It’s the iconic scene of Indiana Jones standing before the precipice, knowing that only a 50-foot span of bottomless expanse lies between him and the Holy Grail. The Holy Grail is his only chance to save his dying father back in the cave from whence he came. And as he stares at that empty space between him and his goal, the words from his father’s diary ring in his mind, “leap of faith.” Wanting to turn around and find some other way across yet knowing that he cannot, he puts one foot straight out and falls forward. The surprise on his face when he doesn’t fall into oblivion proves that it really was a leap of faith.
I stand on that precipice, the hot desert air threatening to suck all the moisture from my body. On the other side of oblivion, I see me, at least, a version of me that has only ever existed in my dreams. It’s not that I am suddenly more stunning or athletic, but there is a sense of radiance, of divinity. There seems to come a glow from my body, and on my face is a genuine smile. Instantly, I can tell that this version of me embodies who I want be when I have completed my journey. This goddess-like woman is divine because she has achieved peace, the shout-from-the-roof-at-the-top-of-your-lungs kind of peace. Her war has ended—she has embraced her body and put food back onto its rightful pedestal.
I, like Indiana Jones, had a chance to take a leap of faith when I first received the book, Intuitive Eating. Yet, I saw that the cover showed a picture of the two authors—both slim, well-dressed women. I immediately took a shot to my self-esteem—comparing my body to theirs—and thought that this was another gimmick or diet and almost put it down. I had thoughts like, “Well, of course these women can tell you to eat whatever you want, because they look so great…”
I didn’t even make it past the first principle—Reject the Diet Mentality. I just could not accept their claim that dieting really never works. In my mind came the countless images of people, some I simply saw, others that I knew personally, who had lost weight and seemed to succeed at keeping it off. On that precipice, when this book could have propelled me to take that first step into seeming oblivion, I refused and turned around, back the way I had come.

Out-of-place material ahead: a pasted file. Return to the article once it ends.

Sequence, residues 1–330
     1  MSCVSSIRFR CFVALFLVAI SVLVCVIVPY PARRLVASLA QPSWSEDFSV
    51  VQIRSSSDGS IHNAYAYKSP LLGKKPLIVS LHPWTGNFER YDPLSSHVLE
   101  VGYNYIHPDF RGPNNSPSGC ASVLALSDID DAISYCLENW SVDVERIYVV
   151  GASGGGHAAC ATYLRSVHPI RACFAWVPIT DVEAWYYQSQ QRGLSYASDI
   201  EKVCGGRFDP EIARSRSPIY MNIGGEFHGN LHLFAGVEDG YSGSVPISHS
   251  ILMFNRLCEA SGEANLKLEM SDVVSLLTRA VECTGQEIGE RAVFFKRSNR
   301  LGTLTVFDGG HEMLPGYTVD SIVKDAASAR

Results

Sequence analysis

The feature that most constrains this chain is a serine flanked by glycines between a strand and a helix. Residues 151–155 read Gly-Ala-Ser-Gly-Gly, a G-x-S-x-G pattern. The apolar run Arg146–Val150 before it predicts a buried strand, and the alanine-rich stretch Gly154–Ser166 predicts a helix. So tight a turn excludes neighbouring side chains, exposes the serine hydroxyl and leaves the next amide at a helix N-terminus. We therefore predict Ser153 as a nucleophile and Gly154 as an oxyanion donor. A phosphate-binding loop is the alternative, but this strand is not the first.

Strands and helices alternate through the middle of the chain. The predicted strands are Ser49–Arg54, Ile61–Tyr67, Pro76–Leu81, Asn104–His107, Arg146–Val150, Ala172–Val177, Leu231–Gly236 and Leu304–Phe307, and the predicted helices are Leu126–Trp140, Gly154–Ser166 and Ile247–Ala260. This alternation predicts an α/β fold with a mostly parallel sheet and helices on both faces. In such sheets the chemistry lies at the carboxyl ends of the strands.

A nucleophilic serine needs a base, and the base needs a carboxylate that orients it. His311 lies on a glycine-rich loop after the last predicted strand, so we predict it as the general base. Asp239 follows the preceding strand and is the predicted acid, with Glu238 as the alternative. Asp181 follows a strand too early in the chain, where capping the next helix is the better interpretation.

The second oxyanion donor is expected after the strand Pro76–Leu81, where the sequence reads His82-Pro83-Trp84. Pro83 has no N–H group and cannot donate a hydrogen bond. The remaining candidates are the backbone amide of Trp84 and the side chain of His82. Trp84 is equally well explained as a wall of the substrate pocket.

It wasn’t until after the birth of my second child and I began diving into the world of dieting to regain my pre-pregnancy shape and size that I picked the book back up again. When I stepped back into that familiar, yet confusing, yo-yo journey of counting calories, “good” and “bad” foods, and restrict/binge cycles, I found that I was so fed up with that life, that I wanted something new. I was standing before that precipice again.
So, I remembered Intuitive Eating and began the book a second time. Although I still had similar thoughts when I read the “Reject the Dieting Mentality” principle, this time, I refused to turn around. I leaped into oblivion and kept reading. As I skipped over that principle and began experimenting with some of the other principles first, my trust in Intuitive Eating grew. I began to believe that the authors might know what they were talking about. I even revisited the “Reject the Dieting Mentality” principle and began to see the wisdom in it as well.
So, if any of you are struggling with skepticism or fear because dieting, watching calories, or “good” and “bad” foods have been ingrained into your psyche, then take a leap of faith and try it anyway. I did, and I am so happy I did. I am standing on that invisible path above oblivion, and I can see that new goddess-like version of me beckoning me forward. I take tentative, tiny steps forward; I stumble; I take steps backward, but I am on the path. I leaped, and found that there is a way to end this war.